The number of lives lost to Covid-19 has risen to eight, it was revealed yesterday.
Kim Wilson, the health minister, said she was “deeply saddened” to report another fatality over the weekend.
She said that the details of the victim would not be released.
Ms Wilson said the total number of cases was now 119 after 469 test results received since Sunday identified one case of the disease.
The number of people in hospital remained at eight, with some patients discharged and 66 people now recovered from the virus, which has not shown community transmission in Bermuda.
Ms Wilson said she would “immediately” notify the public of any elevation from Bermuda’s present status of local transmission with clusters of the disease.
She added that she was “satisfied” with the level of virus testing being conducted by the Bermuda Hospitals Board on its staff. But she said that protocol would be reviewed if circumstances warranted it.
She said everyone admitted to hospital from April 1 was tested and there were “considerations right now” about extension of testing to include patients in long-term care.
Ms Wilson added that testing was completed over the weekend at all 21 of the island’s care homes, where the total cases of the virus yesterday remained at 44.
Ms Wilson said the ministry was in talks with care home management teams. She added that the “vast majority” of homes were private enterprises.
Ms Wilson said the homes were “continuously” given help and that the Government had provided personal protective equipment to homes where stocks had run low.
She added: “In some cases, we’ve provided them with nursing care where there has been a shortage.”
Ms Wilson said that results had been slower to come back in recent times as the volume of tests had “increased drastically”.
But she added that the use of electronic equipment was expected to speed up the process.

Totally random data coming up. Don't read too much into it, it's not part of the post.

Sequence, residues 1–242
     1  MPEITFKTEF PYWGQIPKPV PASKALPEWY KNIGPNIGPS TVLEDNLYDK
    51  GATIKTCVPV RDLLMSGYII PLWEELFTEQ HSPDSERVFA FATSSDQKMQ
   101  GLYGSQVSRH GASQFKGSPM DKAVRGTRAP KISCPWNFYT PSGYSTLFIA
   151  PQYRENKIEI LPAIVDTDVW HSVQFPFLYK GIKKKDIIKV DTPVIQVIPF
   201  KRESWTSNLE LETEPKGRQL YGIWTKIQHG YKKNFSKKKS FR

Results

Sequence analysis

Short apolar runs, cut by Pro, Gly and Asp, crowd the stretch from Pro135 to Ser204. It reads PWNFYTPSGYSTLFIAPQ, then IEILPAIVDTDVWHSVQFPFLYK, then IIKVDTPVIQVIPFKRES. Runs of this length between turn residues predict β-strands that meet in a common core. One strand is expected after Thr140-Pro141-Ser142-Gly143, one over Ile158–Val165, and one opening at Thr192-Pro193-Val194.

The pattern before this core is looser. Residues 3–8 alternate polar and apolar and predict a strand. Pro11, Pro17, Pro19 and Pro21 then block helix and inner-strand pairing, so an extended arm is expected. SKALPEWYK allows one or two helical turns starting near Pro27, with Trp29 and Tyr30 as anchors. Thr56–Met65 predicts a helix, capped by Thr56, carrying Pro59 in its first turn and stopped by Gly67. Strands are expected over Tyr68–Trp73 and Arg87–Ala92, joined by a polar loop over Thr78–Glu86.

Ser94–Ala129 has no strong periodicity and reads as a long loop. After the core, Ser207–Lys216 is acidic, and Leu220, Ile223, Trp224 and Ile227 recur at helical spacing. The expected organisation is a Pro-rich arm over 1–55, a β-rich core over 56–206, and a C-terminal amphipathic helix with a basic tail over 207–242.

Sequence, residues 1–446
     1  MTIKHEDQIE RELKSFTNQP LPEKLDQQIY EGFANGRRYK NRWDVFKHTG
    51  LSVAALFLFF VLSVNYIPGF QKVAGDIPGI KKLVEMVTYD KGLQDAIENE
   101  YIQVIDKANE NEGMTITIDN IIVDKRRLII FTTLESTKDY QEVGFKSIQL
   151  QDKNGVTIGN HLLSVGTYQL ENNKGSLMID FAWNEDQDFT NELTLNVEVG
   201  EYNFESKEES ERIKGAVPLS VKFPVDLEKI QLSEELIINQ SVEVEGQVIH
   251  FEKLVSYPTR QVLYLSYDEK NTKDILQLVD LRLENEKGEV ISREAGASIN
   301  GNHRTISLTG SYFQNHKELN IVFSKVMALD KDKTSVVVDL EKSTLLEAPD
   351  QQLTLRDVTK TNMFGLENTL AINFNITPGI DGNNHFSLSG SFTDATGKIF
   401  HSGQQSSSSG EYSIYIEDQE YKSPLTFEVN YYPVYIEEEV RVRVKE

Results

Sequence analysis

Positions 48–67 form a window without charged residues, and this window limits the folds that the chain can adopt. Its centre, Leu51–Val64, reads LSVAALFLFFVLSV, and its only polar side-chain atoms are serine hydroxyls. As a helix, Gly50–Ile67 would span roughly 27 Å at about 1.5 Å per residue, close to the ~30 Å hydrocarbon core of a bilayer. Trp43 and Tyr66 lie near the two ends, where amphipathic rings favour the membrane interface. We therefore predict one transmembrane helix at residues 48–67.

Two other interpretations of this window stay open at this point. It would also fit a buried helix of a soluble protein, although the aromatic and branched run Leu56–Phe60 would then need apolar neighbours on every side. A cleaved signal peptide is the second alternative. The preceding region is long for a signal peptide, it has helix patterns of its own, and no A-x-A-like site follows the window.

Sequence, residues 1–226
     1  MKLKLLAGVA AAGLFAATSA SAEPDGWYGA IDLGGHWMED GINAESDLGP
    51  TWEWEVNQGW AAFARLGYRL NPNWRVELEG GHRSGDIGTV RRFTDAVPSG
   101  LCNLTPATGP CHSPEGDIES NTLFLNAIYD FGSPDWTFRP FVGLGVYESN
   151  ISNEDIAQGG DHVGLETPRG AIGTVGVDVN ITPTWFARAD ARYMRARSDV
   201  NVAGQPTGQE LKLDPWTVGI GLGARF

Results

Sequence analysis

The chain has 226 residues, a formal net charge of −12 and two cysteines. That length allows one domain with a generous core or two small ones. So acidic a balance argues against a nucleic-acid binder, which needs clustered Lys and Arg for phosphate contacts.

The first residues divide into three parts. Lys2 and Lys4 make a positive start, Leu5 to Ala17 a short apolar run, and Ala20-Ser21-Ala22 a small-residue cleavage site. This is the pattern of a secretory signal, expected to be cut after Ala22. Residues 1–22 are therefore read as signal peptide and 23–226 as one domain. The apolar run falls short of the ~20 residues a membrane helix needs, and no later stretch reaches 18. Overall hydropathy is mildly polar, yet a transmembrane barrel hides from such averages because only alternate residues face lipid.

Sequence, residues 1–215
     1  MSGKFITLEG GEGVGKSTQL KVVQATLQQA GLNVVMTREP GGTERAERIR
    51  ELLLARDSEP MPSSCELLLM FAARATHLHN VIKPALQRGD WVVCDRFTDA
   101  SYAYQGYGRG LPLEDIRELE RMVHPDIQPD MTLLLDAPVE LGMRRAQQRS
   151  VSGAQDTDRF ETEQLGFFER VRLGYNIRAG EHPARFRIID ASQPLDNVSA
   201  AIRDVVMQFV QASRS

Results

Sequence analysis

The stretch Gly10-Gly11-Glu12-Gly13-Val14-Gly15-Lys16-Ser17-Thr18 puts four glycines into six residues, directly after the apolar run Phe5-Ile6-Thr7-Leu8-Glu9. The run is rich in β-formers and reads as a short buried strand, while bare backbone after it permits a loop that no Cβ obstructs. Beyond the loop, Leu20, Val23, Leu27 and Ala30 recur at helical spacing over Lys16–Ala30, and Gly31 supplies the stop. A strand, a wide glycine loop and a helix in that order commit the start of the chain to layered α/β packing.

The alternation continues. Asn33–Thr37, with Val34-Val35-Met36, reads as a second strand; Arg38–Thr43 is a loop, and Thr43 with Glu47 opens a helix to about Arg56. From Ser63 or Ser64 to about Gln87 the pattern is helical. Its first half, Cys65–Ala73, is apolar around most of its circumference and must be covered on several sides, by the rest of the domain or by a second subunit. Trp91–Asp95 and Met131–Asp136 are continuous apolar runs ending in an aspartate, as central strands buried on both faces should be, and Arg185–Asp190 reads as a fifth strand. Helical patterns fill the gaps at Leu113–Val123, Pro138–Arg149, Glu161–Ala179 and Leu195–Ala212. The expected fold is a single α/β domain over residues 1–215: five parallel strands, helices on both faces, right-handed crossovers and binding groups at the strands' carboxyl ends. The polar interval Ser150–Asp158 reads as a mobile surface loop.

Ms Wilson also announced the launch of a pilot phone medical service for uninsured and Health Insurance Plan clients, set up with insurance firm Argus.
Wayne Caines, the national security minister, said that members of the public had shown “broad co-operation” with the phase-one regulations, a relaxation from strict shelter-in-place rules.
He added that his team was “monitoring community chatter about the possibility of planned events to commemorate Bermuda Day”.
Commissioner of Police Stephen Corbishley said that the key was “getting used to the regulations”.
Mr Corbishley said there had been “some challenges on the water”, with three parties broken up over the weekend.
The public were reminded that curfews on shore started at 10pm, but that boats must be berthed by 7pm.
Mr Caines added that the shooting of a 33-year-old man in Warwick on Friday was “absolutely the last thing we need”. He said that police had increased patrols in “key locations” after the attack.
Walter Roban, the Deputy Premier, said that a “graduation” from the first to the second of the four phases designed to introduce the island to a “new normal” would be based on several factors.
He explained that these included the number of coronavirus cases, as well as hospital and intensive care unit admissions.
Mr Roban added that compliance with the rules would help the island to move to the next stage of eased restrictions.
He said: “If we do as instructed, and I again thank the Bermuda public, we will be able to move forward.”
• To view statements from the Deputy Premier and the Minister of Health in full, click on the PDF links under “Related Media”